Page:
Music Theory – Understanding The Circle of Fifths

– Hi. In this session we’re going to talk about the circle of fifths. Now the circle of fifths is a really wonderful thing that helps us to understand all of our keys. It’s going to tell us about every single major key that we need to know about, every single minor key, and it’s going to tell us exactly what the key signatures are for every key. So it’s really worth it’s weight in gold. As you look at a circle of fifths, you may think it all looks far too complicated.

But hopefully, if we just go through it step by step, you’ll begin to see that there’s great value in this, because the only alternative is to try and remember exactly which sharps and flats you need in every single key.

And by the time you’ve done 12 major keys, 12 harmonic minor keys and 12 melodic minor keys, it’s all a bit too much really. So the circle of fifths is a way of getting us there accurately and quickly. And once you see how the system works, you realise that you don’t have to memorise the circle of fifths, you just have to remember how to put it together. So bear with me while we start constructing the circle of fifths and I’ll explain how it unfolds as we go. Now the first thing to say about the circle of fifths is that in fact it’s not one circle, it’s three circles. One of our circles is going to tell us about major keys. Another circle is going to tell us about minor keys and the third circle is going to tell us which sharps or which flats we need in any of those major or minor keys.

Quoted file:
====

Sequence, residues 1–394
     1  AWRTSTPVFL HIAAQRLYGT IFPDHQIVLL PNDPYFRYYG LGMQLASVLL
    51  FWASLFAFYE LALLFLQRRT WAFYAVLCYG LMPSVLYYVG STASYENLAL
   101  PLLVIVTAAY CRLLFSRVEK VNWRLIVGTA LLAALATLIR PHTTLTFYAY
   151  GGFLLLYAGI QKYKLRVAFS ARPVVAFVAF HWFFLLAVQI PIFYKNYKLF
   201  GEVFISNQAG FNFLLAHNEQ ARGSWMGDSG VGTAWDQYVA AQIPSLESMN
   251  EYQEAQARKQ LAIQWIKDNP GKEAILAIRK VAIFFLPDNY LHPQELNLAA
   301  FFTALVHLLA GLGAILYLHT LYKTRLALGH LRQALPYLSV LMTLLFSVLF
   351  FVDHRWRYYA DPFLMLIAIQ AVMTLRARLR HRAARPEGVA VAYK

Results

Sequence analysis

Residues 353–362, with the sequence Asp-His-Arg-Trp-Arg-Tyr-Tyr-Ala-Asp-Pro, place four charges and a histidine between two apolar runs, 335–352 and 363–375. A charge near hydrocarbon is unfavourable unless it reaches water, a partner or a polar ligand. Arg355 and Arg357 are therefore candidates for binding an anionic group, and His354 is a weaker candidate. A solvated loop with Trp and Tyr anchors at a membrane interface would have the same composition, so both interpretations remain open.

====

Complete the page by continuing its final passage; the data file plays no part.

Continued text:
And we’ll see why it’s called the circle of fifths very soon. First of all, we’re going to start with the middle of the three circles. And I’m going to start by putting C at the top of the circle. C for C major because C major is the key that has no sharps and no flats. So it does this. And it follows a pattern for major scales that we’ve learned about in earlier sessions. It goes tone, tone, semitone, tone, tone, tone, semitone. And that’s how we know that C major has got no sharps and no flats because as you work out tone, tone, semitone, tone, tone, tone, semitone, you realise that you don’t need any sharps or flats. So C major is our first major key. No sharps, no flats. What we’re going to do to find a major key that comes after that is we’re going to count up five in just the same way that we did intervals. So if I count C as number one, C, D, E, F, G. So in other words, G is a fifth above C. You might just be beginning to see why this is called the circle of fifths. And I’m going to put G over here. Now as this circle unfolds, you’ll discover that we’re going to have sharp keys on this side of the circle and we’re going to have flat keys on this side of the circle. So C major has got no sharps. G major, which is a fifth above C has got one sharp. This is how it goes and if I go tone, tone and so on according to the major scale pattern, you’ll realise that we’ve got tone, tone, semitone, tone, tone, tone, semitone And you can see on the keyboard that we’ve had to use a black note to make the tones and semitones go. So I’ve used one sharp, it’s F-sharp but we’ll come back to that one later. So C major’s got no sharps. G major, a fifth higher than C, has got one sharp. Okay, let’s carry on. Let’s go up another fifth from G. So G, A, B, C, D. So D major is the next key and if C major’s got no sharps, G major’s got one sharp, D major is going to have two sharps. If I start on D and I go tone, tone, semitone, tone, tone, tone, semitone. You can see that I’ve ended up with two sharps. C major’s got no sharps, G major’s got one sharp, D major’s got two sharps. Hopefully you’re beginning to see how this works. Let’s go up a fifth from D. D, E, F, G, A. So the next key is A major. And A major has three sharps. So you might have noticed there we’ve got these three sharps. Tone, tone, semitone, tone, tone, tone, semitone. Okay, let’s go up another fifth from A major. A, B, C, D, E. So E major is going to have four sharps. Let’s carry on a bit further. E, F, G, A, B. B major is going to have five sharps. Up we go another fifth. B, C, D, E, F. Now I’m going to tell you for nothing at the moment that this isn’t F major. It’s going to be F-sharp major. We’ll come back later to see why that is. Let’s go up another fifth for now. It doesn’t matter that it’s F-sharp or F-flat or anything else for now, it’s F something. So let’s count up a fifth from F. F, G, A, B, C. So this brings us back to C, but it can’t be C major because this was C major up here. This is going to be C-sharp major. And that’s as far as we need to go because by the time you get to C-sharp, believe it or not, everything is sharp. If I start on C-sharp, and I give you a pattern of tones and semitones that we know for the major scale, you’ll find that we’ve got C-sharp, D-sharp, E-sharp, F-sharp, G-sharp, A-sharp, B-sharp, C-sharp. So by the time everything is sharp, there’s no need to go any further. So C major’s got no sharps, G major’s got one sharp, D major’s got two sharps, A major’s got three sharps, E major’s got four sharps, B major’s got five sharps, F-sharp major’s got six sharps and C-sharp major has got seven sharps. And by the time you’ve got to seven, everything’s sharp. So you see we just went up in fifths, starting at C until we came back to C. Now on the left hand side of the circle of fifths, we’re going to discover the keys that use flats. And this time, we’re going to go down in fifths. Now going down in fifths is actually the same as going up in fourths. We’ll have a little think about that in a moment. So if you prefer to go up in fourths, feel free to do that, but as it’s a circle of fifths, for now we’ll count down in fifths. So we’re going to start with C and we’re going to go down. C, B, A, G, F. So F is a fifth below C. And just in case counting backwards is too much and you want to count up in fourths, you’ll see what I mean if I go C, D, E, F. So you can count down a fifth from C and get to F or you can count up a fourth and get to F. Now F major has got one flat. If I start on F and I do the pattern of tones and semitones that we know for a major scale I get this. Tone, tone, semitone, tone, tone, tone, semitone. So in other words, I get F, G, A, B-flat, C, D, E, F. So F major has got one flat. Let’s go down another fifth or go up a fourth if you prefer. F, E, D, C, B. So the next key we’re going to look at is B. Now again for now I’m just going to tell you for nothing that this isn’t B major, it’s B-flat major. It couldn’t really be B major because we already have B major over here. And we learnt that B major’s got five sharps. B-flat major’s got two flats, but don’t worry, I will come back and explain why it’s B-flat later. Let’s carry on going down in fifths. So starting with B, B, A, G, F, E. Everything from now on is going to be a flat key. So it’s E-flat major. F major’s got one flat. B-flat major’s got two flats. E-flat major’s got three flats. We did F major. B-flat with two flats. Tone, tone, semitone, tone, tone, tone, semitone. E-flat major has got three flats. Tone, tone, semitone, tone, tone, tone, semitone. And just in case somebody was looking at that thinking, “That looks as is if it’s got four flats,” one, two, three four, that’s only because you’ve got E-flat at the bottom and E-flat at the top. So that only counts as one flat. There’s one E-flat, even if we’ve got two of them. So those are your three flats. Okay, let’s carry on going down in fifths. We’re on E-flat. Let’s go down another fifth. E, D, C, B, A. So that takes us onto A-flat. So A-flat major will have four flats. Let’s go down another fifth. A, G, F, E, D. D-flat major will have five flats. Let’s go down another fifth. D, C, B, A, G. That tells us that G-flat major has got six flats. And if I go down another fifth, G, F, E, D, C. I come to C-flat major and C-flat major has got seven flats. And by the time I’ve got seven flats, everything is flat so I can’t go any further at all. So I get C-flat, D-flat, E-flat, F-flat, G-flat, A-flat, B-flat, C-flat. And this gives me all of the major scales, all the major scales with sharps on the right hand side. All the major scales with flats on the left hand side. And you notice that we started with C at the top with no sharps, no flats. C-sharp at the bottom where everything is sharp, seven sharps, and C-flat at the bottom here, where everything is flat, seven flats. So that gives me all of the major keys. Now that’s all very well, but I can now tell us that we’ve got keys like A major, must have three sharps. One, two, three. But it’s not much use if you don’t know what those three sharps are. So you could go through what we’ve been doing on the keyboard, going tone, tone, semitone and working it all out. But the circle of fifths is going to show us a quicker route. So let’s go into another colour now and we’re going to do the outer circle. And the outer circle is the circle that tells us which sharps or which flats we need in a particular key. And this is how it works on the sharp side. On the sharp side of the circle of fifths, just ask yourself what is the seventh note of that scale? So if we were in G major, what’s the seventh note? G, A, B, C, D, E, F. So in other words, G major’s got one sharp and that sharp is F-sharp. Now of course, if you think about this, you don’t actually have to count all the way up from one to seven because G, A, B, C, D, E, F, G. So G is number one and G is number eight. So if G is number eight then one back from that is going to be number seven. So you only have to go one back from this key to find that the seventh degree of the scale is F-sharp. So that tells us that in the scale of G major you have to play an F-sharp. Let’s just try that. G, A, B, C, D, E, F-sharp, G. And that puts all our tones and semitones in the right place. Okay, let’s go on. What’s the seventh note in D major? Well, you can count up from D. D, E, F, G, A, B, C. Or you can simply say well D’s number eight, so C must be number seven. So that must mean that it’s got C-sharp. So this is how it works. D major is the key that has two sharps. The first sharp is F-sharp because we had that before, and now we’ve added C-sharp. And where this is also very useful is if you have to write a key signature, it tells you that you must put the sharps and the flats in the right order. Because F-sharp is the first sharp we always put that one first in a key signature and we always put C-sharp as the second one. And you can see how the circle of fifths tells us why that’s the case. Okay, let’s go on. What’s the seventh note in A major? Well the seventh note in A major is G. So in other words, we need a G-sharp there and we now know that A major’s got three sharps and those three sharps are F-sharp, C-sharp and G-sharp. And that’s the order that you put them in the key signature. F-sharp first, C-sharp second, G-sharp third. Let’s move on. The seventh note in E major. Well, if we’re counting one back from E, it must be D. So in E major, you’ve got D-sharp going on the end of the previous sharps. F-sharp, C-sharp, G-sharp, D-sharp. For B major, well, the seventh note there must be A-sharp. So B major’s got five sharps. F-sharp, C-sharp, G-sharp, D-sharp, A-sharp. Let’s just check it out. Here’s B major. B, C-sharp, D-sharp, E, F-sharp, G-sharp, A-sharp, B. So you can see it’s got the five sharps that we’ve identified on the circle of fifths. The seventh note in, F-sharp major must be E-sharp. So F-sharp major’s got six sharps, F-sharp, C-sharp, G-sharp, D-sharp, A-sharp and E-sharp. And the seventh note in C-sharp major is B-sharp. And so there’s C-sharp major with its seven sharps, which means that every single note is sharp. Okay, so do you remember how to do that then? For the major keys, we started with C and we went up in fifths to get the sharp keys. To get the flat keys, we went down in fifths. To get the sharps for the key signatures on the sharp side, we simply said what’s the seventh note of each of these scales so that we can add on the new sharp each time? When it comes to discovering the flats, this time we have to find the fourth note of the scale. The fourth degree of the scale. So seven for the sharps, but four for the flats. Okay, well in F major, what’s the fourth note? F, G, A, B. And because we’re dealing with flats, we’re not going to sharpen anything now. We’ve going to flatten it. So F major has got a key signature of B-flat. What’s the fourth note of B-flat major? B, C, D, E. So that must be E-flat. So B-flat major has two flats, B-flat and E-flat. What’s the fourth note of E-flat major? E, F, G, A. So that’s A-flat. The fourth note of A-flat major. A, B, C, D. So that’s D-flat. The fourth note of D-flat major. D, E, F, G. G-flat. The fourth note of G-flat major. G, A, B, C. C-flat. And the fourth note of C-flat major, C, D, E, F, gives us F-flat. So you can now see the key signatures for every single major scale. So if you want to know how many sharps or flats there are in E major for example, there’s E major. You can say it’s got one, two, three, four sharps. You can tell us what those sharps are. F-sharp, C-sharp, G-sharp and D-sharp. And you can tell us that that’s the order in which those sharps have to come in the key signature. If you wanted to know what the key signature for D-flat major is, you’d find D-flat over here and you’d immediately see that it has five flats. One, two, three, four, five. And you can see what those flats are and you can see the order that you need to put them in the key signature. B-flat, E-flat, A-flat, D-flat, G-flat. So hopefully you’re beginning to see why the circle of fifths is such a valuable tool. It’s also already answering a question we’ve posed earlier, because we said why is this F-sharp major and not F major? Well, back here we introduced F-sharp. And once you’ve introduced F-sharp on this outer ring, you’re telling us that from this point onwards every F you come across is F-sharp. It never becomes F-natural again because it became F-sharp there and it stays F-sharp all the way after that. Because you introduce C-sharp there, then by the time we come around here, this can’t be C major. It will have to be C-sharp major. And the same thing is happening on the flat side. We introduced a B-flat there, so that has to be B-flat major and so on. If you like patterns, you might be beginning to discover a few patterns as well. Like for example, C, G, D, A. You might also notice that the flat for F major is the next key, B-flat major. The flat for B-flat major, E-flat, is the next key, E-flat major and so on. Now all we’ve got to do next is to work out how to do the minor keys. And to do the minor keys you have to count down a third from each of the major keys. Okay, and so we counted up in fifths for the sharp major keys. We counted down in fifths for the flat major keys. We said what’s the seventh note in the scale to get the sharps? We said what’s the fourth note of the scale to get the flats? Now let’s count down three for the minors. So count down three from C. C, B, A. So A minor is called the relative minor of C major. They’re related to each other because they share the same key signature. The key signature of A minor is just the same as C major. No sharps, no flats. If you want to write a harmonic scale or a melodic scale, there are things you’ve got to do to that. But the key signature is the same as it is for C major. If I go down three from G, I come to E minor. So E minor, like G major, has a key signature of F-sharp. E minor is the relative minor of G major. Or you could say G major is the relative major of E minor. Let’s whiz on and just count down in thirds. B is a third below D, so B minor is related to D major, and they both have F-sharp and C-sharp. A third down from A is F, but remember what we said earlier. Because F-sharp is there, this will have to be F-sharp minor. A third down from E is C. Remember, C-sharp here. It’s going to have to be C-sharp minor. A third down from B will be G, but G-sharp is here so it’s G-sharp minor. A third down from F-sharp is going to be D. But it’s going to be D-sharp because we had D-sharp there. A third down from C is A, but it needs to be A-sharp minor because we had A-sharp there. And we do just the same on the flat side. So a third down from F is D. A third down from B-flat is G. A third down from E-flat is C. A third down from A-flat is F. A third down from D-flat is B, but be careful because it must be B-flat minor. A third down from G-flat must be E-flat minor. And a third down from C-flat is A-flat minor. That’s the circle of fifths. I’ve colour coded it so you can see it clearly, so the black circle in the middle there, all your major keys. Start with C, go up in fifths for the majors and the sharps. Go down in fifths for the majors and the flats. To get the key signature all in red on this diagram, seventh degree of each scale for the sharps. Fourth degree of each scale for the flats. Count down three and you get all the relative minors. So any minor has a relative major, any major has a relative minor. A-flat major and F minor, for example, both share the same key signature, B-flat, E-flat, A-flat and D-flat. And I hope at the end of all that you can see how much value we have in this thing we call the circle of fifths. Good luck using that.